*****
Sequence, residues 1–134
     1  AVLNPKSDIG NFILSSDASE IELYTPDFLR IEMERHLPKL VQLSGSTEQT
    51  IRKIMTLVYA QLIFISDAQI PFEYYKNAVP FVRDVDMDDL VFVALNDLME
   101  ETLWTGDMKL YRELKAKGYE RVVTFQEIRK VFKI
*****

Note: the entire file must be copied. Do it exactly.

Sequence, residues 1–134
     1  AVLNPKSDIG NFILSSDASE IELYTPDFLR IEMERHLPKL VQLSGSTEQT
    51  IRKIMTLVYA QLIFISDAQI PFEYYKNAVP FVRDVDMDDL VFVALNDLME
   101  ETLWTGDMKL YRELKAKGYE RVVTFQEIRK VFKI